Georgia has a lot to offer current and potential residents, but many parts of the state are becoming increasingly unaffordable. Please explain your proposed approach to address housing affordability through legislation and executive actions?

In Georgia, too many families cannot find homes to buy or rent that they can afford. Our housing affordability crisis means too many Georgians are forced to pay an excessive proportion of their income on housing. As governor, I will directly tackle the affordable housing crisis in our state and focus on the four central challenges impacting Georgians across the state: the unaffordability of homes for too many households; the shrinking inventory of housing; displacement of longtime residents due to gentrification; and the preventable tragedy of homelessness. To ensure families of all income levels can live in decent housing, I will support first-time homeowners and expand the Georgia Dream Homeownship Program, dedicate funding to the Affordable Housing Trust Fund, prohibit discrimination based on source of income, and empower local governments to protect homeowners and tenants.

Politics is often about compromise. How do you decide when to compromise and take small, incremental wins, and when to refuse compromise?

During my time in the state legislature, I established a track record of working across the aisle to pass good legislation, compromise where necessary and block measures that were harmful for Georgians. I worked with members of the Tea Party to stop legislation that would have been harmful to our state’s environment. As the House Democratic leader, I worked with former Gov. Nathan Deal to pass criminal justice reform legislation. I have proven success working across the aisle to get good done on behalf of Georgians and I will build on that record as governor.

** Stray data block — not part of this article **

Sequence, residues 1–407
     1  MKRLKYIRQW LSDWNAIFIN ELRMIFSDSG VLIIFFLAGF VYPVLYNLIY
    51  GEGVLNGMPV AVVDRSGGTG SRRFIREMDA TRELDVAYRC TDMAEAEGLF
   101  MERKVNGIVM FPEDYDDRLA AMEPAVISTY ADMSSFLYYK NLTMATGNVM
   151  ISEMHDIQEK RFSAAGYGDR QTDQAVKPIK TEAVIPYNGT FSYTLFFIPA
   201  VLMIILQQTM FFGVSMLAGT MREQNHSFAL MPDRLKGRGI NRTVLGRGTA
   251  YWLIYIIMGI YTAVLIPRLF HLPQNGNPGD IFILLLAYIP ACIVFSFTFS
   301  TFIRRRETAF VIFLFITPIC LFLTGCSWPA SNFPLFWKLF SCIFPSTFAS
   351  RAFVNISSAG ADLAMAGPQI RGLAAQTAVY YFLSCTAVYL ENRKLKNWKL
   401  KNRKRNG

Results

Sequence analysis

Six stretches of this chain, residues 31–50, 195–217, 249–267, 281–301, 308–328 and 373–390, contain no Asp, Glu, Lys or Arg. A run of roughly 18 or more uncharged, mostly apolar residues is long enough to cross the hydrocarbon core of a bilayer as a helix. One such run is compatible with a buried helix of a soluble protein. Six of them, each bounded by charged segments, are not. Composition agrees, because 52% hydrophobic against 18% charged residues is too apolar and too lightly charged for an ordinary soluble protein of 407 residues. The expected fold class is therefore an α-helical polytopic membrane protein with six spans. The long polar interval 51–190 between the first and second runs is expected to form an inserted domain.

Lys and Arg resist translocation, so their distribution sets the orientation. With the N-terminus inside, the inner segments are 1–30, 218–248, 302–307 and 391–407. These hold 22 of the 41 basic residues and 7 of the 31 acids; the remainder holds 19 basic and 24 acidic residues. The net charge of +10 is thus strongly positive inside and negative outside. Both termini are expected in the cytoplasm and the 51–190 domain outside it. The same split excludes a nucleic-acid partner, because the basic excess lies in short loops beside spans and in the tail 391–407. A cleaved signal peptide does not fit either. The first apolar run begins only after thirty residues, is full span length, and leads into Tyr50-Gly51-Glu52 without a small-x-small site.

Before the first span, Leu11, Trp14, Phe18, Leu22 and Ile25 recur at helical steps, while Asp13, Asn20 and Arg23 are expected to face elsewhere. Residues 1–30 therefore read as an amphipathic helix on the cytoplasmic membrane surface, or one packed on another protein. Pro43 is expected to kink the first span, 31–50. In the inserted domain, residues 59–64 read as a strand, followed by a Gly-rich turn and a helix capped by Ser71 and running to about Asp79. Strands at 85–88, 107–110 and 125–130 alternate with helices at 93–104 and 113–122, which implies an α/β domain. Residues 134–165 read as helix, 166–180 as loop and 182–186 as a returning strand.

There were politicians who questioned the outcomes of Georgia elections in 2018 and 2020. Do you think Georgia’s elections are secure and will you stand by the results?

As the founder of multiple organizations promoting and protecting the right to vote, I have demonstrated a commitment to a strong democracy in Georgia and beyond. Every eligible Georgian should have the ability to register to vote, to cast a ballot and to have that ballot properly recorded — without systematic barriers. Additionally, I have always been someone who has respected the outcome of elections and will continue to do so. Regardless of party, we must encourage a peaceful election atmosphere during the pre-election, polling, counting and post-election periods.

In light of the U.S. Supreme Court’s decision on abortion, state law and local enforcement authority will determine access to abortion. If elected, how will you use your authority to influence abortion access or enforcement of abortion restrictions?